Feb

8

Columbia’s Timothy Donnelly Receives $100,000

Written by

Timothy Donnelly

Last week, Columbia associate professor Timothy Donnelly won the Kingsley Tufts Poetry Award, one of the most prestigious prizes awarded to contemporary poets. Not only does the award identify Donnelly as a rising star in the world of contemporary poetry, but also bestows him with $100,000, an enormous sum for a mid-career poet in today’s market. Donnelly comments,”this prize will give my family and me a measure of financial stability that would otherwise have taken a decade or more to achieve.” The award recognizes his most recent work, The Cloud Corporation, for which The New Yorker somewhat obliquely called Donnelly “an acrobatic formalist, albeit one on fast-forward.” This semester, Donnelly teaches a senior poetry workshop for undergraduates and a poetry thesis workshop School of the Arts.

Full press release after the jump…

Columbia University School of the Arts

Writing Faculty Timothy Donnelly

Receives Kingsley Tufts Poetry Award

 
New York, February 2, 2012—Columbia University School of the Arts is pleased to announce that Timothy Donnelly, Associate Professor of Writing, has won the $100,000 Kingsley Tufts Poetry Award for his book The Cloud Corporation (Wave, Picador). The annual award, offered through the Claremont Graduate University, is one of the most prestigious prizes a contemporary poet can receive.

“I am thrilled that Timothy Donnelly has won the Kingsley Tufts Award,” said Carol Becker, Dean of School of the Arts. “Not only is Timothy a beloved professor, who has made monumental contributions to our Writing Program, but, as many have expressed, he is one of the great poets of his generation.”

For 20 years now, the Kingsley Tufts Award has supported and honored mid-career poets, including previous recipients D.A. Powell, Henri Cole, Matthea Harvey and Yusef Komunyakaa.

“I’m among the many people in this country who have had to go into significant debt just to get by,” Donnelly said of the seven difficult and sleep-deprived years he spent writing The Cloud Corporation. All the anxiety in the book about the economy and the struggle to make ends meet isn’t just for effect—it’s all very personal. This prize will give my family and me a measure of financial stability that would otherwise have taken a decade or more to achieve. But as true as all that is, it’s the honor of having had The Cloud Corporation chosen for this distinction that I really can’t wrap my head around.”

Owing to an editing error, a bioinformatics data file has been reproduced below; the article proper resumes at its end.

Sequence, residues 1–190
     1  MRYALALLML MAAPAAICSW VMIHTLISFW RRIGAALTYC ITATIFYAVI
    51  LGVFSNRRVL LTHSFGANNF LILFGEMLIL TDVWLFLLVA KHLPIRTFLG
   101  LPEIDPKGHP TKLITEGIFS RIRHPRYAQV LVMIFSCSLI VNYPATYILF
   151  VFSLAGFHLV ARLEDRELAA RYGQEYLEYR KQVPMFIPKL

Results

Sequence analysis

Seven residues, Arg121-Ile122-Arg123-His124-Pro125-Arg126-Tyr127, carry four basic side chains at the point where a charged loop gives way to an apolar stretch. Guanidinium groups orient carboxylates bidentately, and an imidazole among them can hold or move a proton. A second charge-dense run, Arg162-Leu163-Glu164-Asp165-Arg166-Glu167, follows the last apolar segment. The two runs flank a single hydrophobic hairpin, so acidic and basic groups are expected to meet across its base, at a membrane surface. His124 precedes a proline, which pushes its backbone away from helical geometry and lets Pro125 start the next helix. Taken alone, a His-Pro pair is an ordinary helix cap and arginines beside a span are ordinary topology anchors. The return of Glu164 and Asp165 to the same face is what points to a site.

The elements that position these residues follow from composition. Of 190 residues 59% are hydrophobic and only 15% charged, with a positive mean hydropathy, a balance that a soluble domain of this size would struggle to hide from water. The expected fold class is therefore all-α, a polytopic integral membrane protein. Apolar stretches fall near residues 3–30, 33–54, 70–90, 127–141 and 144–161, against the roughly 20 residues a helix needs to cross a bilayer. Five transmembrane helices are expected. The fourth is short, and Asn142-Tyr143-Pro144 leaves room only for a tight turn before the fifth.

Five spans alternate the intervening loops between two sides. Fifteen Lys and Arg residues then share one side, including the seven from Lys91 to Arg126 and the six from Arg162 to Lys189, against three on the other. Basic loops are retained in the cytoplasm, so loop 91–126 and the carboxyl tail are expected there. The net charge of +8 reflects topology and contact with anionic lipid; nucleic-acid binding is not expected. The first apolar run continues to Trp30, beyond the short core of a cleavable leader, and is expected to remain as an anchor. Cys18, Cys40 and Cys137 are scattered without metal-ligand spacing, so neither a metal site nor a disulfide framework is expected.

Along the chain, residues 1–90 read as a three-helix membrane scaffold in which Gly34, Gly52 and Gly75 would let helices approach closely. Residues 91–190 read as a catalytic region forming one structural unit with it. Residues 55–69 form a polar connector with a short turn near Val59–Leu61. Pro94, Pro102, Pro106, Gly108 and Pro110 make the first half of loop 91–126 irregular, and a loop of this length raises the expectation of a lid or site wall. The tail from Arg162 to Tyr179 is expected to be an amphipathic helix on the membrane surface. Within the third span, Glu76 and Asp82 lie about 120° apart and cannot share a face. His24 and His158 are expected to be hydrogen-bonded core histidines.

The Cloud Corporation is Timothy Donnelly’s second book. His first, Twenty-seven Props for a Production of Eine Lebenszeit, was published by Grove Press in 2003. His poems have been widely anthologized and translated, appearing in such periodicals as A Public Space, Fence, Harper’s, The Iowa Review, jubilat, Lana Turner, The Nation, The New Republic and The Paris Review.

This spring he is the Theodore H. Holmes ’51 and Bernice Holmes Visiting Associate Professor at Princeton University’s Program in Creative Writing and Lewis Center for the Arts. He has been poetry editor of Boston Review since 1996. He lives in Brooklyn with his wife and two daughters.

The Kingsley Tufts Award was established by Kate Tufts to honor the memory of her husband, who worked as an executive and wrote poetry as his avocation. Kate and Kingsley Tufts were lifelong poetry lovers and often spoke of creating such a prize. The award is presented for work by a poet who is past the very beginning but has not yet reached the pinnacle of his or her career.

“We hope these awards will give a crucial injection of encouragement to the poets of America,” said Linda Gregerson, chair of the judging panel. “We expect of these poets thrilling work in the years to come.”

 

The gaze of poetic insight via columbia.edu

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5 Comments

  1. Anonymous  

    Anyone feel like doing a close reading of that New Yorker article? It's incomprehensible.

  2. cc'12  

    tim donnelly is the man.

  3. Anonymous  

    congrats dude

  4. Anonymous  

    Umm,

    So what happened to his Personal Ad, Bwog?

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